In August, some Boise City Council members were ready to do away with bike bars entirely.
The mostly human-powered trolleys hold up traffic, can be very loud and can lead to what one official called “drunk and disorderly conduct.”
But before making any final decisions on what to do about the bike bars, Council Member Holli Woodings wanted to bring in a few of their operators.
“I think just as good practice, we should always involve the folks that will be impacted by ordinance changes while we’re developing those changes,” she said.
So owners of local bike bars including Boise Buzz Bike and Pedals and Pints (as well as their lawyers) came to a council work session Tuesday and proposed potential limitations on the bike bars that would allow them to keep operating almost as normal.
Their proposals included a limit on hours, including no rides during prime downtown rush hour and ending tours before it gets too late. They offered limits on the number and size of drinks riders can bring onto the bars. They suggested avoiding residential areas and capping the maximum sound level on the bars.
Mayor Lauren McLean wasn’t impressed. She chided the bar owners for failing to resolve complaints themselves.
“Why is it taking us to get into your business about the size of can, how many cans, all that, if there have been impacts that our city staff and clerk’s office have come to you about before?” she said. “I’m curious why bike bars haven’t addressed this stuff in their own operating plans prior to having us have to deal with the impacts that are really real to this system.”
Bicycle bars have been in Boise since 2012. At first, they were used just to transport people on pub crawls, but in 2013, the council changed city code to allow alcohol on the bike bars themselves.
That made way for what bike bars often are today: a way to propel groups around downtown Boise while drinking beer or wine.
Patrons must bring their own alcohol on the rides. The trolleys have motors to help them get started but are mostly powered by riders pedaling. The bike bars are slow as a result, which can be frustrating to motorists trying to maneuver around them or to patio diners who have to wait for them to pass.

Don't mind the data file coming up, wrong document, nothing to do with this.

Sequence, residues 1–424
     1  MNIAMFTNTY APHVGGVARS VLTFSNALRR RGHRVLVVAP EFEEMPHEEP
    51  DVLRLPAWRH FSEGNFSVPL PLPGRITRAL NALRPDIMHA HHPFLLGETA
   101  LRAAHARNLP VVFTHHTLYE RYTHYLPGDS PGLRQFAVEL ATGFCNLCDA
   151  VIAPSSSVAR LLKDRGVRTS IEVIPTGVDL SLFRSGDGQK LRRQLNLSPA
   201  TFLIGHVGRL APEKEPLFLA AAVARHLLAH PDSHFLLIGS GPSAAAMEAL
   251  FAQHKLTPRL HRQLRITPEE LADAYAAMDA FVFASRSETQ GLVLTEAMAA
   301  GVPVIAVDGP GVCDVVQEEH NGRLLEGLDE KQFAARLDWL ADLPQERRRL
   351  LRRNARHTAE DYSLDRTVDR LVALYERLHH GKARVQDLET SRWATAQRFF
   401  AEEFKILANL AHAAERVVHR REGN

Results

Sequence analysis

Staff members of the city clerk’s office recommended this summer that the council modify the ordinance to make them less disruptive.
“What staff has told us is we need to revise this industry in significant ways, because these ordinances aren’t working, and then your presentation is a list of more detailed, more nuanced rules for people to follow,” Council Member Patrick Bageant said. “The thematic issue here is that we haven’t had good success following the rules we have. So I guess the question is: How is more rules the solution?”
Bageant said in August that he would be willing to remove bike bars because of their disruption.
Owners argued that their proposed restrictions would help keep their businesses afloat. It would also be easier for the owners to enforce a city rule than a company policy, because it gives “a bit more power” to the requirements, lawyer Anthony Shallattold the council.
“I think it’s important to try to find some sort of half-gap measure without eliminating an entire industry,” Shallat said. “The council always has the ability to go back and impose stricter regulations, but everything we presented ... these are suggestions to meet halfway and address real concerns.”
Woodings is working with the city clerk’s staff to write new regulations. It is not clear when those regulations may come before the council.